|Title of Invention||
|Abstract||The present invention relates to a combustion engine comprising at least one combustion chamber, which is delimited at one end by a head and delimited at a second end by a piston, the piston being arranged on a connecting rod by means of a piston pin, a body with a delimiting surface that is movable in relation to the piston pin, and facilitates a variable volume in said combustion chamber, a compression spring, which spring acts on said surface with a spring force in the direction of the combustion chamber, a pressure chamber that can be supplied with hydraulic oil from a pressure source via a feed duct which pressure chamber is disposed by means of hydraulic oil to be able to influence the movement of said movable delimiting surface with the aim of being able to adjust the size of the combustion chamber depending on the combustion pressure, characterized in that said pressure chamber communicates with an inlet duct that always facilitates replenishment of the hydraulic oil from said pressure source to the pressure chamber when the pressure in the pressure chamber falls below the pressure in the feed duct and that said pressure chamber is provided with and outlet that communicates with at least one restricting device that continuously facilitates a flow of hydraulic oil out of the pressure chamber if the pressure in the pressure chamber exceeds the pressure in said outlet, so that damping of the movement of said body with said delimiting surface is obtained during operation.|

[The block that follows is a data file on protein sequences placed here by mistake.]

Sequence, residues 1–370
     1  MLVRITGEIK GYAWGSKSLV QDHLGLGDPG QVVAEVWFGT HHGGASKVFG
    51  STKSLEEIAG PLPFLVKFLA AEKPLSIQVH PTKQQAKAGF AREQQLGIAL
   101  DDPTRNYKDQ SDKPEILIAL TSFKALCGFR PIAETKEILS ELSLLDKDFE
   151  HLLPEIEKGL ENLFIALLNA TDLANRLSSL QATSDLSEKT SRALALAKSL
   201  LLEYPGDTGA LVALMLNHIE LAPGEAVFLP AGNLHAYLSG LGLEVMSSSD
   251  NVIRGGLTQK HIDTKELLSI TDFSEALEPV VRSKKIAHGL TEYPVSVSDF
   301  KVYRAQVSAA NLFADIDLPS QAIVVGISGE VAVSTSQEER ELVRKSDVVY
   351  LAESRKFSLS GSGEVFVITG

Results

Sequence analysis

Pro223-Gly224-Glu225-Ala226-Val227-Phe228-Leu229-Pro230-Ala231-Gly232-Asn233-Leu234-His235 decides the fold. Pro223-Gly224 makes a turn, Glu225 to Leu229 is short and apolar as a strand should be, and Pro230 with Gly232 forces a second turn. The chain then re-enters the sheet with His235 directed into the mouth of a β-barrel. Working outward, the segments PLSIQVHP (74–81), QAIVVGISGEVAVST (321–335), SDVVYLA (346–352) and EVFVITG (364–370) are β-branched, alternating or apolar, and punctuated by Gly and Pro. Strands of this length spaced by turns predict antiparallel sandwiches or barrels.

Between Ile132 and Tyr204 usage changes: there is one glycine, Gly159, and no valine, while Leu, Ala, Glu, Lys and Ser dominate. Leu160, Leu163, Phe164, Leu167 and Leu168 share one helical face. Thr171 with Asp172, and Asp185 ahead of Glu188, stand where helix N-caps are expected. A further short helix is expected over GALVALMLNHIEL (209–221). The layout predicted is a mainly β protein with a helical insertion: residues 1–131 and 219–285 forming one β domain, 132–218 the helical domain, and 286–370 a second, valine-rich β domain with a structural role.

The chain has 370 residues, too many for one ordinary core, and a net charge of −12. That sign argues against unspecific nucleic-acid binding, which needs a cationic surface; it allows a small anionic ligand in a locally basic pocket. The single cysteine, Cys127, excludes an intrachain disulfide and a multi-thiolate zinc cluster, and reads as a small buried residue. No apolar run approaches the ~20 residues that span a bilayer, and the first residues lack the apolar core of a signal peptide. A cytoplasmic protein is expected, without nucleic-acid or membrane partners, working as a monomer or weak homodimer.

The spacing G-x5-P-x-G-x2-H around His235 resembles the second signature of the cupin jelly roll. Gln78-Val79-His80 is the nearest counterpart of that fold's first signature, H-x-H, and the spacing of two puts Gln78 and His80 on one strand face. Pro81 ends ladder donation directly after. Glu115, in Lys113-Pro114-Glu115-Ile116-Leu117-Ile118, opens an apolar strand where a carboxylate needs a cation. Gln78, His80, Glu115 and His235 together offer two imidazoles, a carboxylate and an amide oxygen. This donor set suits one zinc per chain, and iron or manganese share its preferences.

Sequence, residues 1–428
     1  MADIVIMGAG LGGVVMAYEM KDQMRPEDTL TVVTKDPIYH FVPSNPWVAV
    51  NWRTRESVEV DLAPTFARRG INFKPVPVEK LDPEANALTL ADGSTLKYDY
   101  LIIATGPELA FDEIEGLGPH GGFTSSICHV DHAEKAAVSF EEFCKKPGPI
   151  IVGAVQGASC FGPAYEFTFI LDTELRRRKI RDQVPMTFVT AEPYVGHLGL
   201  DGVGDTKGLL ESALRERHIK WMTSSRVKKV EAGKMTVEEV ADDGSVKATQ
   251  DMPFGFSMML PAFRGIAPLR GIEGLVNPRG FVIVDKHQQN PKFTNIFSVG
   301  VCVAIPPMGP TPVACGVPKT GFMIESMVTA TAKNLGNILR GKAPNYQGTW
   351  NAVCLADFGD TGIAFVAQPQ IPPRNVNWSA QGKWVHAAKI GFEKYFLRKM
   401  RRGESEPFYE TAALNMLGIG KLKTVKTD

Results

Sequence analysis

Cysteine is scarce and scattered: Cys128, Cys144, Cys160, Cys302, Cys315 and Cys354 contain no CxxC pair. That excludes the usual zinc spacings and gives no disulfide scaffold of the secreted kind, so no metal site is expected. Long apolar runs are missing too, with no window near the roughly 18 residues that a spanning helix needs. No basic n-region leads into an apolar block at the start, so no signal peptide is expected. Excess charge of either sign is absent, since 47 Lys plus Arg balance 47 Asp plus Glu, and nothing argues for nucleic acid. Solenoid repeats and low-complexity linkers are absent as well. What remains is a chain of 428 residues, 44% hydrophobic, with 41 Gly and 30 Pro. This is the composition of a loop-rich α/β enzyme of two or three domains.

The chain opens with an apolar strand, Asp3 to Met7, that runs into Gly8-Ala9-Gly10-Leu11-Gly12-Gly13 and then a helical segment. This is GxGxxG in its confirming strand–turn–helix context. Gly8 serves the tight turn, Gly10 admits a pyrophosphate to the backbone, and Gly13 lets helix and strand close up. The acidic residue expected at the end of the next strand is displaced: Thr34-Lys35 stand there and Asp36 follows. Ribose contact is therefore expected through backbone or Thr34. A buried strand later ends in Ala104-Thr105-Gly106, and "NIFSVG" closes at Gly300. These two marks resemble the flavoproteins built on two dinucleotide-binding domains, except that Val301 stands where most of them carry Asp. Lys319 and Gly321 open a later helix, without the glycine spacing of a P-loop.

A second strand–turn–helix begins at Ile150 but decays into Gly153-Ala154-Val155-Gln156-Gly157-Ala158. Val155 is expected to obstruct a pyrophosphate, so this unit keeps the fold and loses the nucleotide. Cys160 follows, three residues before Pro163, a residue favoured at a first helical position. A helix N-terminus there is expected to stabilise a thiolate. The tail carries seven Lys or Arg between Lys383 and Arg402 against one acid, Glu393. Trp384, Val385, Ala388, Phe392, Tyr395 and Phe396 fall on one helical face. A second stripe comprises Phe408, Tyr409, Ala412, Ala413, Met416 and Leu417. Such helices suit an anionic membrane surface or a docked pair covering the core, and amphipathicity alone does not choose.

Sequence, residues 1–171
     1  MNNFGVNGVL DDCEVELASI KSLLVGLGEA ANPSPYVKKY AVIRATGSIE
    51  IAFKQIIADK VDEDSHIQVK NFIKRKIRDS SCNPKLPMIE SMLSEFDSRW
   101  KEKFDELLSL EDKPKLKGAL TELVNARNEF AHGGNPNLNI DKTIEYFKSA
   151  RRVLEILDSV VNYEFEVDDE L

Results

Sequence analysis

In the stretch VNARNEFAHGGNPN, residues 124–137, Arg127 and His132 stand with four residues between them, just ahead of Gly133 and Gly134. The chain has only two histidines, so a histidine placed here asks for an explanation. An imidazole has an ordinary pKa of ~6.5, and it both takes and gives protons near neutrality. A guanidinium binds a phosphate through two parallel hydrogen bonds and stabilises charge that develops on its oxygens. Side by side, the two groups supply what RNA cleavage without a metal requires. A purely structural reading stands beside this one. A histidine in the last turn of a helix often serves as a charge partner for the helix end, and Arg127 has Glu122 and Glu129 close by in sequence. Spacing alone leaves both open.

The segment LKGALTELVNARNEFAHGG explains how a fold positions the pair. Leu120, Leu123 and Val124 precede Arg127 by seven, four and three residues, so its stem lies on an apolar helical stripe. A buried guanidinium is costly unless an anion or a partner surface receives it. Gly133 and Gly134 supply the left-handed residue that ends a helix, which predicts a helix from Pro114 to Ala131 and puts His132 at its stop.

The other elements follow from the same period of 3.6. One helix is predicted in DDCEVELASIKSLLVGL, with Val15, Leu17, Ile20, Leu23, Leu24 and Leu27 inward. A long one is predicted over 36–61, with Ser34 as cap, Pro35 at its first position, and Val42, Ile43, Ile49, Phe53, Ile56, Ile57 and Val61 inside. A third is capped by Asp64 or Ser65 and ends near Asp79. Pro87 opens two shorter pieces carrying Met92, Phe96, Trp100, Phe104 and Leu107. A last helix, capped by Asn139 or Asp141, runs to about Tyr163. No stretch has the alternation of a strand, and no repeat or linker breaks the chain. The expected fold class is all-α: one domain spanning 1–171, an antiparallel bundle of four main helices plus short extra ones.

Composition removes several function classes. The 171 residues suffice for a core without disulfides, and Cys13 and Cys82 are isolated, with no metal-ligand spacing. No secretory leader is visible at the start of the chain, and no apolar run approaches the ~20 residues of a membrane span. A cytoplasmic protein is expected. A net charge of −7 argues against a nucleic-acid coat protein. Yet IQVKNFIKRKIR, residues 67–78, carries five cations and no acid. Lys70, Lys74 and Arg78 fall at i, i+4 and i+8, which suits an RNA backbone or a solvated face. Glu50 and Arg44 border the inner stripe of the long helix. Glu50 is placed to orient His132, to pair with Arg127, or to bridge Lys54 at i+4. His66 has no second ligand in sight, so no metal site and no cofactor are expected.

|Full Text||COMBUSTION ENGINE
SPHERE OF THE INVENTION